Good Morning America's initial coverage was particularly stunning in that it touted how well the website was supposedly working. Co-host George Stephanopoulos proclaimed: "After all those early problems with the website, the White House now saying things are now back on track." White House correspondent Jon Karl declared: "That's right, George. They say they saw a huge increase of traffic to the website over the weekend....And so far, the website seems to be handling it without any major problems."
Appearing on CBS’s “Face the Nation” on Sunday, The Washington Post’s David Ignatius did his best to shill for President Obama following the president’s interview with CBS anchorman Scott Pelley.
Speaking with moderator Bob Schieffer on Sunday, Ignatius opined, “It's crucial for statesmen to try to see the world as their adversaries see it” while urging President Obama to see the world through Vladimir Putin’s eyes. [See video below.]
Friday's CBS Evening News featured a previously unaired portion of Scott Pelley's softball interview of President Obama on his recent meeting with Pope Francis. The Vatican noted on Thursday that "there was a discussion on questions of particular relevance for the Church...such as the exercise of the rights to religious freedom, life and conscientious objection" – a reference to the Catholic Church's objection to ObamaCare's abortifacient/contraception mandate.
But instead of asking about this discussion, Pelley gave the President the kid glove treatment, and wondered how the encounter affected the liberal politician: [MP3 audio available here; video below the jump]
Friday's CBS Evening News picked up where the Big Three morning shows left off earlier in the day and trumpeted how "visitors have been surging to [HealthCare.gov] – about one-and-half million a day." Scott Pelley did give a bit of slightly bad news during his 16-second news brief, noting that "today, the ObamaCare website was taken down for about 20 minutes, to fix a problem that affected log-ins." [MP3 audio available here; video below the jump]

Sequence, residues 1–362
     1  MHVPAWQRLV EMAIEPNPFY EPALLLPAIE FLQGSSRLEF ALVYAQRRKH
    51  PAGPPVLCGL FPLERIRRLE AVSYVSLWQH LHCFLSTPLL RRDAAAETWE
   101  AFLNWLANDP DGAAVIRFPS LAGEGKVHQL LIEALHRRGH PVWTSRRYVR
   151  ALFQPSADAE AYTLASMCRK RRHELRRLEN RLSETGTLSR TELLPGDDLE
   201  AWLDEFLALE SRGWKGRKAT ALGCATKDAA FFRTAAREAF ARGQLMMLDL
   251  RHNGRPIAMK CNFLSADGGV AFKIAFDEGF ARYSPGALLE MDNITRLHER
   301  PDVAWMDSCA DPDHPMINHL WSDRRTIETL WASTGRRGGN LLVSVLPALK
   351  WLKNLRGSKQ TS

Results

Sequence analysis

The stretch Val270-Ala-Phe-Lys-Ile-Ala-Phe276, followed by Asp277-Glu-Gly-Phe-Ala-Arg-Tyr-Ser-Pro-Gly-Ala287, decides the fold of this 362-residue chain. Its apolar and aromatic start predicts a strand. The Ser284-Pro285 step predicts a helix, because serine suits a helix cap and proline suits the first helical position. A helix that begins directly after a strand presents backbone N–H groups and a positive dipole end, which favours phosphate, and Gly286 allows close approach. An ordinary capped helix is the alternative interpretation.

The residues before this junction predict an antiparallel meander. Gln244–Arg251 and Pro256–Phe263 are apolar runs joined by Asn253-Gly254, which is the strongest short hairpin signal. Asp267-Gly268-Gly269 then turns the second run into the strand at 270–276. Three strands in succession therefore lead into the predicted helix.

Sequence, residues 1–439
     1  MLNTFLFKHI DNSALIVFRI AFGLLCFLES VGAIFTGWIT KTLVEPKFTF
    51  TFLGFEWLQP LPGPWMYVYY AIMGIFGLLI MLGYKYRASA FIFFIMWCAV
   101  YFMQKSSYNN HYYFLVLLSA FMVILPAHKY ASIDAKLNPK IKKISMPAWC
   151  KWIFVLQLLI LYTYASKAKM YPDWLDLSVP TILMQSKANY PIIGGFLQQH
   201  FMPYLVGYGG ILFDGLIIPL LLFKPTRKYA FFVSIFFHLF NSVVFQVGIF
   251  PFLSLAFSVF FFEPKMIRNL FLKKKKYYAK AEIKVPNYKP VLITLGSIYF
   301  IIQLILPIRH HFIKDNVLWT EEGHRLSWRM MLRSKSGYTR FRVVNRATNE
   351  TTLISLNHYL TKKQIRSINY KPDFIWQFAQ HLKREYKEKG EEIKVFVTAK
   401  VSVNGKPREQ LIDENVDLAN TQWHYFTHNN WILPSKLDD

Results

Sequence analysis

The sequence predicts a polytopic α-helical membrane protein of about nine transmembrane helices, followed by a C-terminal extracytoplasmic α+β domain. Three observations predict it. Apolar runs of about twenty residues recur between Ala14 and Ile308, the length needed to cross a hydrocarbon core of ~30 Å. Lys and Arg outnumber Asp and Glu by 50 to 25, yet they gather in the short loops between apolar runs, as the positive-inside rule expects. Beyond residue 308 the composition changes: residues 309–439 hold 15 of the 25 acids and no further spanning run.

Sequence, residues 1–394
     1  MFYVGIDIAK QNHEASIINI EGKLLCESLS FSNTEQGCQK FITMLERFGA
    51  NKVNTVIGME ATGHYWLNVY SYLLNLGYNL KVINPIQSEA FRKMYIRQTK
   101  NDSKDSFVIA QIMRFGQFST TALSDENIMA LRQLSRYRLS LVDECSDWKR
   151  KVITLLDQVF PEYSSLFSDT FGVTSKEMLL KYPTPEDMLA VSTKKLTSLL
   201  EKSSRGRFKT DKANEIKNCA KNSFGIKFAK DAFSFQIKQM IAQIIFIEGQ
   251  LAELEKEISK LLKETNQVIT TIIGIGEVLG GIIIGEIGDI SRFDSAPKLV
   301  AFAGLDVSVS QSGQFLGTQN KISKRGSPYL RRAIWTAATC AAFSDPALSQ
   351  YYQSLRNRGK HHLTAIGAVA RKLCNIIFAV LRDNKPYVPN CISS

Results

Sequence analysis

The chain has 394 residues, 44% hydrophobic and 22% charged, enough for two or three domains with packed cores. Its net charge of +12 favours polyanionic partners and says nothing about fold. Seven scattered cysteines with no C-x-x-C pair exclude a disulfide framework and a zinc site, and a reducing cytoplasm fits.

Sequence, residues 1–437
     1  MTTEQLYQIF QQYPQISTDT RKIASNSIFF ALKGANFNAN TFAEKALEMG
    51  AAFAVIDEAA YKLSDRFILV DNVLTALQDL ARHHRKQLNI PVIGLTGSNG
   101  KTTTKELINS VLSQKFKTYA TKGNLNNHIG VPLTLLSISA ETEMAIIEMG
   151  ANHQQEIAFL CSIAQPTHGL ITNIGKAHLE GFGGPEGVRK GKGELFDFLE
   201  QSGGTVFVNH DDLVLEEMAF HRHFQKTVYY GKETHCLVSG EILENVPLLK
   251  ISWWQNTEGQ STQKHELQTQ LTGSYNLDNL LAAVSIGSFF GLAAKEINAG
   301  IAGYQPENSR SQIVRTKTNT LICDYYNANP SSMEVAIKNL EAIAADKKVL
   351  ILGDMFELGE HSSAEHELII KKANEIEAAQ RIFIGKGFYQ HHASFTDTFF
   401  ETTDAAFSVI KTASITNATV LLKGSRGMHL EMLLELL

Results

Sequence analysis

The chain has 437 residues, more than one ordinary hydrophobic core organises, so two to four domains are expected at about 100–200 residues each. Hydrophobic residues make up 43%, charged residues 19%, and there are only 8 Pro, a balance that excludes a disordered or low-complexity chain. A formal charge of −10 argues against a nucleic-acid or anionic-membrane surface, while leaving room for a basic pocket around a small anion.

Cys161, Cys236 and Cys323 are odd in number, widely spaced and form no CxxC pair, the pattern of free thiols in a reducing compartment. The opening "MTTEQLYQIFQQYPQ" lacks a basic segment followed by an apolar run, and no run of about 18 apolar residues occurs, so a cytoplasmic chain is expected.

However, the CBS evening newscast, along with Friday's NBC Nightly News and ABC's World News, glossed over the latest Associated Press poll, which found record-high disapproval of the controversial law: "[S]upport for President Barack Obama's health care law is languishing at its lowest level since passage of the landmark legislation four years ago...26 percent of Americans support the Affordable Care Act." This omission continues a nearly three-month-long trend by the Big Three networks to paper over bad news about ObamaCare.
The network evening news casts have yet to report an estimate by the Congressional Budget Office that President Obama's proposal to hike the minimum wage would cost the private sector $15 billion and raise the deficit.
The CBO report came out on Wednesday, but as of Friday evening the networks have ignored it. As the Washington Free Beaconpointed out, the CBO says that Obama's minimum wage would raise the deficit by $5 billion over 10 years and cost private employers $15 billion.
On Wednesday Fox News reported that House Oversight and Government Reform Committee Chairman Darrell Issa threatened to hold the IRS commissioner in contempt of Congress if he didn’t hand over emails from Lois Lerner and other IRS officials.
So far none of the Big Three (ABC, CBS, NBC) network evening or morning shows have mentioned the latest development in the ongoing investigation of the IRS targeting Tea Party groups.
While the CBS Evening News on Thursday and Good Morning America on Friday allowed mere seconds to explain a court ruling upholding "tough" "new abortion restrictions" in Texas, only Fox News fully detailed what the decision and law actually do. [See video below. MP3 audio here.] Evening News guest anchor Sharyn Alfonsi briefly informed, "A federal appeals court today upheld Texas' new abortion restrictions, among the toughest in the nation. Many abortion clinics have closed since the law was passed."